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Continua of Practice: From Science to Art

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Teacher: Rodney Smith
Date: 2016-08-02
Venue: Seattle Insight Meditation Center



For science to be valid, the results must be replicable trial after trial. The techniques we use to accomplish the unvarying outcomes then become the mechanistic way toward similar findings in the future. Dharma practice begins mechanically for most of us. We have heard that if we do such and such, this outcome can be expected. For example, if we follow the breath, over time, we can expect that our ability to focus our attention will improve. And it does. There are entire models of spiritual progress based upon the repetition of results from many students over many years. An example of such a system is the Progression of Insight authored by Mahasi Sayadaw. I personally practiced that system for the first few years, and can verify that the progressive account in the texts is fully experienceable. The problem is that it left a mechanical imprint on my methodology. If I had a problem, instead of exploring and understanding the difficulty I applied an alternative solution, noticing it and moving on. Since anything mechanical requires an operator, I was left in charge of my practice. A number of insights resulted but most were induced by maintaining a high level of focused samadhi. When I was off the cushion, that level of samadhi waned, so I waited until I was back on the cushion to offer my full-hearted intention toward further insights.

It soon dawned on me that the problem was with my methodology and assumptions, and the Dharma was more art than science. There is no one size that fits all in Dharma practice and no model that replicates the softness of heart necessary for spiritual fulfillment. Tenderness and sensitivity are not produced by constant training but are the results of being open and affected by the whole range of experiences over time. Being vulnerable in the face of pain is not a training, but a letting go. We have to pursue the questions that resonate the deepest, the most personal longings, the timing that is ours alone, and the speed and duration that is unforced and unhurried. We cannot quicken our learning or our embrace of life any more than we can hasten love.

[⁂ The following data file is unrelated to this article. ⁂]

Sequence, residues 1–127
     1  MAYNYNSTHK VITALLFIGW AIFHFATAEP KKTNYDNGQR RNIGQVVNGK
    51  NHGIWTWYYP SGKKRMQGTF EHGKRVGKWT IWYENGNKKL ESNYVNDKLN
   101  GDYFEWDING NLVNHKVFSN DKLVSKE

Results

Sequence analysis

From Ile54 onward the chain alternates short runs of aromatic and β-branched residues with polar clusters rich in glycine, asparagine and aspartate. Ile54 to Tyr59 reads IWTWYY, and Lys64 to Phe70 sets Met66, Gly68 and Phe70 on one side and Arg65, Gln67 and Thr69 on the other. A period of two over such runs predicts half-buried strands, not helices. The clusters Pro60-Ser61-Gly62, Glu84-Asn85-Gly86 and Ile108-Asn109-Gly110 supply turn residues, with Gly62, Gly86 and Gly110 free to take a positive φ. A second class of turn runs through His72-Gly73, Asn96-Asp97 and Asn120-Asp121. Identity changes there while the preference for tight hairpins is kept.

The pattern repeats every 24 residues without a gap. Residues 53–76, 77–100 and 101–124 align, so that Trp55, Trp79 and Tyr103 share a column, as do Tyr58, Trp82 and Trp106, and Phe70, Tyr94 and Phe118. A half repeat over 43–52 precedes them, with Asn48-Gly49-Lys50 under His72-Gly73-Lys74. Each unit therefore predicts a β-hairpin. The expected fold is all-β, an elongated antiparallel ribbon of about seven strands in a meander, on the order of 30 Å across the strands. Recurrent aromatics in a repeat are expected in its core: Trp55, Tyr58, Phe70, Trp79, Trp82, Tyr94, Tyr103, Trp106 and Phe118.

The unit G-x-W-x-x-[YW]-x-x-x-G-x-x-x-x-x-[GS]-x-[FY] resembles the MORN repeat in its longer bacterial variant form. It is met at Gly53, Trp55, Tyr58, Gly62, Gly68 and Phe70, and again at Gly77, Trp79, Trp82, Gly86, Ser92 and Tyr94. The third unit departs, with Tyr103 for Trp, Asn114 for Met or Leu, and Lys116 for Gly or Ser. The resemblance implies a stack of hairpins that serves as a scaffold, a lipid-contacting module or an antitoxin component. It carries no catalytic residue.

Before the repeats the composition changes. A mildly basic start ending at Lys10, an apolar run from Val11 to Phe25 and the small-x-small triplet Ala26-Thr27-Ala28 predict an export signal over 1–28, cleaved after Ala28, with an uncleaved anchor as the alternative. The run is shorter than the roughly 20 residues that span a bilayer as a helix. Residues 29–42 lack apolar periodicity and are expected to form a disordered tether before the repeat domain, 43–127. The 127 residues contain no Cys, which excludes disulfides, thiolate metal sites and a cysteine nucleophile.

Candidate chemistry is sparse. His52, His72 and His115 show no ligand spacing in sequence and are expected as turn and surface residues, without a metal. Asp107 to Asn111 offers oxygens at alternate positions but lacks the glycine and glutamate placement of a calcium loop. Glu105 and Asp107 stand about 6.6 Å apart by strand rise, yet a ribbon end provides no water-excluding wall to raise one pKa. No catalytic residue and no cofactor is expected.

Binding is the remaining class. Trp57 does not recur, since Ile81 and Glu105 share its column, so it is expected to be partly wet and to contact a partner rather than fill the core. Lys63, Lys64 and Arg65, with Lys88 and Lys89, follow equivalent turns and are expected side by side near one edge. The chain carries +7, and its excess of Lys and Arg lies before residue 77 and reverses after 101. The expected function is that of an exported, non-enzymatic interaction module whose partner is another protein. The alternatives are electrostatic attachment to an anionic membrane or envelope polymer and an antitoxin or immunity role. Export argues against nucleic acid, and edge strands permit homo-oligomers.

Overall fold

The foundation of practice established through the mechanics of science is the beginning of the beginning of the Dharma. It is like buying all the right equipment to hike a trail. The equipment is not the hike. It sets us up for the hike, but the trail has yet to be traversed. The trail of the Dharma is the path of the heart, of vulnerability, learning, receiving, and opening. That is not a training in science but an opening to the art of living in the present where there are no set rules of order, no road map for awakening, and no certainty of progression.

The mechanics make us feel as if we are doing something advantageous, and for a short while they do, but ultimately we must release the science to discover our true path.


How much of your practice is mechanical? How much do you depend upon your own effort in “putting in the time” day after day and mastering the technique? Do you have a strong need to get it right and not make a mistake? It is important to learn the meditation technique, but to adhere too strictly to the form of the practice can mask self-doubt. Risking doing it wrong begins the “art” of practice. Insight develops within the art of quiet observation free from the pressure of failure. This week let your practice be simple observation. Just look, just see what is happening. Don’t worry about getting it right. If you fear failure, see that. If you doubt whether you are doing it right, notice the doubting. Observing what is driving the meditation changes the mechanics of the practice into a living art form.


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